I, too, had started seeing other women. And strangely, the

confidence that swinging had given me seemed to bring women to me who

wanted to explore their sexuality.

Over the next six months, with three different women, I swung, with

couples, with single men and women. And each time it was the same

feeling: I am missing something.

The process fascinated me – breaking the cliche that it is men who

want to screw around and women who want stability. Of course, many would

think this was coercion on my behalf – that these women were only doing

this to please me. But in each case, it was the woman who had the guts

to see things through.

14. One of the joys is in not having sex

AT times, I interviewed men myself, just like in a job interview –

assessing whether they could put my new partners Samor Julie at ease,

make them laugh, whether they could be trusted.

A 6ft 5in New Zealander with a ponytail and no sense of humour, a

nervous young man whose ad said he was VWE (very well endowed) but

who’d lied about his age and sat trembling as I interviewed him in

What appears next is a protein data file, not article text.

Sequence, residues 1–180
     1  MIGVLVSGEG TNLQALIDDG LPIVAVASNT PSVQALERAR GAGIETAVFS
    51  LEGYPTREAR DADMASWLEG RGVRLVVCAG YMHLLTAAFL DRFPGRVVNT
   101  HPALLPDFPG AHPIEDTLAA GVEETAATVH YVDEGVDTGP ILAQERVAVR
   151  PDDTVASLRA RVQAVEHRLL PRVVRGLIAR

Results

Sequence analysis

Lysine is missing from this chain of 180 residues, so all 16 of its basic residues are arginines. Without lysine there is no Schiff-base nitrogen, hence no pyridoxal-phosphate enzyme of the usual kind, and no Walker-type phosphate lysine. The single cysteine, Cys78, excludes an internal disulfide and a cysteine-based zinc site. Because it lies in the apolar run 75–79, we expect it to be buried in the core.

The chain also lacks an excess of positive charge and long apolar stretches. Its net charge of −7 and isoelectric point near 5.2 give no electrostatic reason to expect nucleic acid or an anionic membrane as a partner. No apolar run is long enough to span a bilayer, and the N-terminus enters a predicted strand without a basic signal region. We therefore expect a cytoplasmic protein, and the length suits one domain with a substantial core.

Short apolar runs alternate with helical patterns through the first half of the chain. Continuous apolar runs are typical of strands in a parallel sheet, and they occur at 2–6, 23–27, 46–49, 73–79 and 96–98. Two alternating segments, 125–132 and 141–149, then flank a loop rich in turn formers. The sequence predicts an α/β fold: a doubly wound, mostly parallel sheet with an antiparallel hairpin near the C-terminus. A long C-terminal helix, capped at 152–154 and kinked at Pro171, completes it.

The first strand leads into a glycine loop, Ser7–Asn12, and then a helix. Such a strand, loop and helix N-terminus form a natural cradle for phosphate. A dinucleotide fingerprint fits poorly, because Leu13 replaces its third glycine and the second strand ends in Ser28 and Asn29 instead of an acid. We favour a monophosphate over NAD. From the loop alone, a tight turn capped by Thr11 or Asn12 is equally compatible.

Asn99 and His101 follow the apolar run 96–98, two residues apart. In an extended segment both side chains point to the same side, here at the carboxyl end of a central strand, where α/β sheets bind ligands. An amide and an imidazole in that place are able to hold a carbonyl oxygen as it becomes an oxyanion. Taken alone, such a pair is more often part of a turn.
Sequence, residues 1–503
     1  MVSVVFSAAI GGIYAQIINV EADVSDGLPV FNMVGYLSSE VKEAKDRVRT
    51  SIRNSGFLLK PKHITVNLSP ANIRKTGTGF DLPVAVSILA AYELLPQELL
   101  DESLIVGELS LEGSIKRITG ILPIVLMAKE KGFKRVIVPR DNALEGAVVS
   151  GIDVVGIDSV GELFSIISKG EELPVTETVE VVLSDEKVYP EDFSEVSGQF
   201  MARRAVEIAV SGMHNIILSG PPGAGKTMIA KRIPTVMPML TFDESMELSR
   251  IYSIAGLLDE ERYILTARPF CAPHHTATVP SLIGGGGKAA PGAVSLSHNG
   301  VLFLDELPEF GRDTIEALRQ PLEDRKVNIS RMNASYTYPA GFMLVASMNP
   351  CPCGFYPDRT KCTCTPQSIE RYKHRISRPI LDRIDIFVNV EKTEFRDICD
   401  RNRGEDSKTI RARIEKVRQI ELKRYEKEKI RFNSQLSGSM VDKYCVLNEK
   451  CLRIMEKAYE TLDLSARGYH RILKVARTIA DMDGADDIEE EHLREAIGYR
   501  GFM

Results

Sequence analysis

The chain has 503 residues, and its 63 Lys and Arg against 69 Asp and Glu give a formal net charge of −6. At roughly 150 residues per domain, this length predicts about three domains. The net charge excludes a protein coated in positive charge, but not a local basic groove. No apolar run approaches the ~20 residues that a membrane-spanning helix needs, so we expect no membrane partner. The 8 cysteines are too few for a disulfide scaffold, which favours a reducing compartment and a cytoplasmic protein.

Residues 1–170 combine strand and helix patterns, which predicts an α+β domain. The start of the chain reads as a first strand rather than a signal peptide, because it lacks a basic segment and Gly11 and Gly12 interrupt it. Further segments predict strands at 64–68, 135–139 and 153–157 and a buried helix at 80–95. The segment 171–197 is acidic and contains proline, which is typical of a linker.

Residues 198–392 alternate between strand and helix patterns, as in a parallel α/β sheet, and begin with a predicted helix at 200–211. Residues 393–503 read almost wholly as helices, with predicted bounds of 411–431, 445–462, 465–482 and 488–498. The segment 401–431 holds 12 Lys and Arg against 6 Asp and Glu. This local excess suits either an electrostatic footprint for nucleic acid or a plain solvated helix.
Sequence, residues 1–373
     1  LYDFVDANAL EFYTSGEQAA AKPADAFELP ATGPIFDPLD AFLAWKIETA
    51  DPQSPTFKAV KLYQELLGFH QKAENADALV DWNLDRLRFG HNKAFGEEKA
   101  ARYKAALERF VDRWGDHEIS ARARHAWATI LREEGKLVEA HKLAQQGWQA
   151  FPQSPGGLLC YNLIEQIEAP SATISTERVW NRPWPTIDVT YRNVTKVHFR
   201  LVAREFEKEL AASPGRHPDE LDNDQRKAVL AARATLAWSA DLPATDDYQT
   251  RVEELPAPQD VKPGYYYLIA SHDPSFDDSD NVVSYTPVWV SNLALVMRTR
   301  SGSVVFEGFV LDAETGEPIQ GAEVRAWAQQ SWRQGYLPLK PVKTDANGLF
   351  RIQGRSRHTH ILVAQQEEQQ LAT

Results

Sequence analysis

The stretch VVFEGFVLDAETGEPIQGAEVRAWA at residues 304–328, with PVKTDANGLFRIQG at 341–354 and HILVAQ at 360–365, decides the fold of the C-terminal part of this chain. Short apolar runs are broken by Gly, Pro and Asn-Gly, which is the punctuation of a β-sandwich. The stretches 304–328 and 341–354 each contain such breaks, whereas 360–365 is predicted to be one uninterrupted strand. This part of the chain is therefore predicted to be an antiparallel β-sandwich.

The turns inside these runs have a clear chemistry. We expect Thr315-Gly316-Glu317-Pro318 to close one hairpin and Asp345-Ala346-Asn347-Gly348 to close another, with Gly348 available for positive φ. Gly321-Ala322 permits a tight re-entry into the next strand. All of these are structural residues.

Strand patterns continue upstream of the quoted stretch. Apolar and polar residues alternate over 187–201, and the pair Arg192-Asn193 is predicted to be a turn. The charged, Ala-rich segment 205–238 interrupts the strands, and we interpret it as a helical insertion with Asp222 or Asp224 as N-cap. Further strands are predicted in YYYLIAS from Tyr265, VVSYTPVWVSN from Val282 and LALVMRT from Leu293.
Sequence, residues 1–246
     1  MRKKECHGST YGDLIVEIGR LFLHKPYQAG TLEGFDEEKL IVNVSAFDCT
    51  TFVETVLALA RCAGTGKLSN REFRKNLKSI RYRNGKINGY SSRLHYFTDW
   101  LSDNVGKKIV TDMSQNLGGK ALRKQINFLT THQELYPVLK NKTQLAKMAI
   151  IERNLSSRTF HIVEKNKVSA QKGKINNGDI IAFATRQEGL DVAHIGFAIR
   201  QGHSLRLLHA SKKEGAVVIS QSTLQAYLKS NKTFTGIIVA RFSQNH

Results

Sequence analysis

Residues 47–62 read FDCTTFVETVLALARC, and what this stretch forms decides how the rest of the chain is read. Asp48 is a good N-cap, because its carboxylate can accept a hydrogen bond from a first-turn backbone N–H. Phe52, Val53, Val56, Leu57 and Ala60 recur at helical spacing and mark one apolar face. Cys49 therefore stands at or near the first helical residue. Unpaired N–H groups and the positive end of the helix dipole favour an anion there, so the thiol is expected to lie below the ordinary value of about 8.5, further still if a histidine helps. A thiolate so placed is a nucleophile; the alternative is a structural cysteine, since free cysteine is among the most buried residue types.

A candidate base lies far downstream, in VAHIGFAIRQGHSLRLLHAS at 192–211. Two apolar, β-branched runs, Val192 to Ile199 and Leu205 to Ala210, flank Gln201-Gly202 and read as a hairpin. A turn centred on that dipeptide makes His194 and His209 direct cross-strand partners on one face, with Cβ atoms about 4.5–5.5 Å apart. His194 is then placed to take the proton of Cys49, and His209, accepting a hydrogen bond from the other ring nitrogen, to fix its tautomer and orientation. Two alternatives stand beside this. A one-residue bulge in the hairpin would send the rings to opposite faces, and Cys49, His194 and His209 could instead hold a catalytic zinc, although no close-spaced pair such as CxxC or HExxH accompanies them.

a bar. He ran out when I went to the toilet.

The kid no doubt thought he was so unattractive that it would be

easier to score with a couple than go through the process of

nightclubbing and dancing and chatting up only to face rejection.

15. There is a dubious side to swinging

IT does attract people who are escapees or have the wrong motives.

Some do it to try to save a failing marriage; some do it to cheat

and get away with it; some couples are married but not to each other and

swing behind their partners’ backs once a month in other cities, in

hotel rooms.

There are some single men, too, who hire prostitutes for the night

so they can swing with a couple. They are usually found out, as part of

the process is the chat, the building of trust on the basis of a

couple’s past.

The fact remains, however, that the great majority of swinging ads

say, “No single men” – and swinging clubs also have a

no-single-men policy.

Single men are generally only brought on to the scene when a couple

have a bi-curious male. Or when a couple wants multiple men.

To be picked as a single male you generally have to be

“WE” or “VWE”. Or to be young – another ad from a

retirement-age bisexual couple from Cornwall was calling for an

“Adonis” to go with the mon their second honeymoon to Greece.

16. Swinging does a lot for your self-confidence and your intuition